Kids as young as six will get the opportunity to learn code. (Illustration by Dasha Zolota / Ryersonian Staff)

As technology continues to affect our everyday lives, a Ryerson new media graduate is working to make sure that children are prepared by teaching the language of code.

Kathryn Barrett is the youth program lead for Kids Learning Code, a not-for-profit organization that teaches the process of coding through various workshops.

“It’s kind of the same choice as if a parent wanted his or her son or daughter to learn French,” said Barrett.

“It’s just a language to get kids up to speed with the current world they live in.”

Kids Learning Code is a branch of the company Ladies Learning Code.

It’s an initiative created in 2011 because the founders wanted to see more women in the technology industry.

Two years later they expanded to children-specific workshops and camps.

Barrett says group members realized they would have to implement programs for young ages if they wanted to see this happen for women later on in life.

“If kids show a spark of interest at a young age, it makes sense to fuel that interest,” wrote Kristen Heredia, Ryerson’s Digital Media Zone’s media relations officer, in an email.

“The more exposure students have to a broad range of languages (including programming), the more well-rounded they will be.”

Abi Smithson was introduced to the world of code through the Kids Learning Code workshops.

The experience opened up a new way of thinking for her. Now at the age of 10, Abi is a designing a shoe line called The Love Sandal.

She’s received help from Ryerson’s Digital Media Zone and Robert Ott, the chair of Ryerson’s school of fashion.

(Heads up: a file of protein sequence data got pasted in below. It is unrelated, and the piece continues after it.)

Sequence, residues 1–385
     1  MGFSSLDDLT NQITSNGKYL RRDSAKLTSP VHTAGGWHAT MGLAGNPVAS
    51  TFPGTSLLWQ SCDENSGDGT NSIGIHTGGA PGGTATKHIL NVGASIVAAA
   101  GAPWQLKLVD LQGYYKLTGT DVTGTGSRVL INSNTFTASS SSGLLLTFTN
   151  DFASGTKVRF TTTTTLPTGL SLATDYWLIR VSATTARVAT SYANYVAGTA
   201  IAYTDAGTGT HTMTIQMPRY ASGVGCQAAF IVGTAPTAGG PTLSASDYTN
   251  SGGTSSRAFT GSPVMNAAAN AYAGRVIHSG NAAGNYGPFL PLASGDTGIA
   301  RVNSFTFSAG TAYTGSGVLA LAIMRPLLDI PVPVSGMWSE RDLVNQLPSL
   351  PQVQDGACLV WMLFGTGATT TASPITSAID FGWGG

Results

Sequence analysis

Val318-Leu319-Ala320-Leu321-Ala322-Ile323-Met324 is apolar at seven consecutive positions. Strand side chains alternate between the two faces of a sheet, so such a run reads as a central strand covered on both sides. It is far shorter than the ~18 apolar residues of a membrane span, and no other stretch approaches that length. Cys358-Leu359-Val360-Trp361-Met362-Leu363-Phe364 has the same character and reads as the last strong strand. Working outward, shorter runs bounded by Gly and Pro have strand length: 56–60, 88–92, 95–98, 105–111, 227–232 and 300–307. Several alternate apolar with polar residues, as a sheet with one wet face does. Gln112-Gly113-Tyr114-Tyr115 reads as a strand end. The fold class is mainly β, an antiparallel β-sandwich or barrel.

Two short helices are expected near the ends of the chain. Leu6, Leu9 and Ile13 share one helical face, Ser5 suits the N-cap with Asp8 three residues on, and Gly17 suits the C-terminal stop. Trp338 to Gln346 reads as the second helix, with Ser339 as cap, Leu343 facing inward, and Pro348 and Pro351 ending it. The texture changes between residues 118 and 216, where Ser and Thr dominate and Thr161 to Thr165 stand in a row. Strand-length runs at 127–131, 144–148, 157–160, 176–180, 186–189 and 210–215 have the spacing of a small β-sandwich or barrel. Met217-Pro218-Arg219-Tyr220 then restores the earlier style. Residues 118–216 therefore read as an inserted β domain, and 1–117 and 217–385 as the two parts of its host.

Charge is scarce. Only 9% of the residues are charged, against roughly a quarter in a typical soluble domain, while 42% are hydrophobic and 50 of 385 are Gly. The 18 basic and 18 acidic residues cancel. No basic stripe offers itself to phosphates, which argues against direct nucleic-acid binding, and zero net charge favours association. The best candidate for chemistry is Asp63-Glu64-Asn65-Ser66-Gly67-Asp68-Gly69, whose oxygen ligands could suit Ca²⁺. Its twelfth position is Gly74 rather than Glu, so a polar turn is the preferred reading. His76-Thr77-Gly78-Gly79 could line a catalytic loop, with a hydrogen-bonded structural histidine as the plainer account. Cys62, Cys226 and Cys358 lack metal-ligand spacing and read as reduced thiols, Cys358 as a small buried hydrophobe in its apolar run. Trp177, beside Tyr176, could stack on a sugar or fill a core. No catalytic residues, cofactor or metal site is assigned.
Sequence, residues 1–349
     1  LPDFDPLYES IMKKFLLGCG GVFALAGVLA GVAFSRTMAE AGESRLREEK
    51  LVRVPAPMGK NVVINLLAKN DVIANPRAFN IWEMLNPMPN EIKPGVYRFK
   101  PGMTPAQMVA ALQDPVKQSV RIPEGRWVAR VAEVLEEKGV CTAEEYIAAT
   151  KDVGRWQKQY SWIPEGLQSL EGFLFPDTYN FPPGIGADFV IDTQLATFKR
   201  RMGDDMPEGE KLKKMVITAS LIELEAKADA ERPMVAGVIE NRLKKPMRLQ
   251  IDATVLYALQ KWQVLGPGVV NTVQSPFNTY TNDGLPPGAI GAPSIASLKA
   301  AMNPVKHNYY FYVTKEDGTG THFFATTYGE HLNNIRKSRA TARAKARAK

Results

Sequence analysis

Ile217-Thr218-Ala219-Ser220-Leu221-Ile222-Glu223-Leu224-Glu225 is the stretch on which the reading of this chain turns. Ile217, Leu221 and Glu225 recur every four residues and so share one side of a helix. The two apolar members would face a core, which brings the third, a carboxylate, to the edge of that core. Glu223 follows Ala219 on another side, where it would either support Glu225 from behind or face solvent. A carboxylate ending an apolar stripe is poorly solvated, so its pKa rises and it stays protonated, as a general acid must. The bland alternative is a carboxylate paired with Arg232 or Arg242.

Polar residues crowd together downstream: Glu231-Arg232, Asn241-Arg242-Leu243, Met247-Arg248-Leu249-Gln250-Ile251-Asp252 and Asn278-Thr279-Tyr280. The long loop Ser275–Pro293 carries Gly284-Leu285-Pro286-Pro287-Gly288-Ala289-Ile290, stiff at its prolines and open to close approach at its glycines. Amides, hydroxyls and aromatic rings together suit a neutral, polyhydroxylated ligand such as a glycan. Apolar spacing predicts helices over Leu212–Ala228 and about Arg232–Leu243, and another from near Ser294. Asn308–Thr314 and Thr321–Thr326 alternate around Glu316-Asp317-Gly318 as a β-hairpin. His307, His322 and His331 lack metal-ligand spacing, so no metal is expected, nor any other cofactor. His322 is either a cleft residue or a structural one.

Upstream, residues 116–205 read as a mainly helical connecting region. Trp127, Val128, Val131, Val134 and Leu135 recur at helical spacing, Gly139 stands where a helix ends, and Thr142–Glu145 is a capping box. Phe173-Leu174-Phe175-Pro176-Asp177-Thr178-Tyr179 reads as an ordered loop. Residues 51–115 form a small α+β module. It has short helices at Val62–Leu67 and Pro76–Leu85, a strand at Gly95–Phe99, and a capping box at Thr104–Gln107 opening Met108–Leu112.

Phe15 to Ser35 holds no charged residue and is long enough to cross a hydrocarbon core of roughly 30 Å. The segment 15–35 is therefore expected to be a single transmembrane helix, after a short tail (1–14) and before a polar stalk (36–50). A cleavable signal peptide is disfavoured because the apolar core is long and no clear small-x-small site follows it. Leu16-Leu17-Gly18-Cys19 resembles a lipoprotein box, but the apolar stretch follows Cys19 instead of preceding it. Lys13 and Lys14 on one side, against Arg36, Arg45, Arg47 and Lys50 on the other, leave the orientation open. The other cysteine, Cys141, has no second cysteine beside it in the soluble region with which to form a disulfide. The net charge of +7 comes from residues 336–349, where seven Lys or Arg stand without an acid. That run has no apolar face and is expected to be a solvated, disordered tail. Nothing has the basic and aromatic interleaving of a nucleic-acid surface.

Abi’s younger sister is entering the coding world too.

On Saturday, six-year-old Holly attended a Kids Learning Code workshop, despite the fact that she can’t fully read yet.

Julie Smithson, Abi and Holly’s mother, said she and Ladies Learning Code wanted “to try and teach a kid code even though they didn’t have the full capacity of reading yet. So, essentially teaching them how to code alongside teaching them how to read it at the same time.”

Barrett says it’s easier to teach children code from a younger age, just like how it’s advantageous for a child to pick up a language when they are younger.

“It’s much easier to start at a younger age for that reason, because the brain is obviously still developing,” said Barrett.

“I think we could teach (coding) as young as four, I think I’m confident to say that.”

Stay tuned for our feature on Abi Smithson and her shoe line, The Love Sandal.

Ryersonian reporter. Amateur baker. Avid watcher of both television and movie screens. Tamara graduated from the Ryerson School of Journalism in 2015.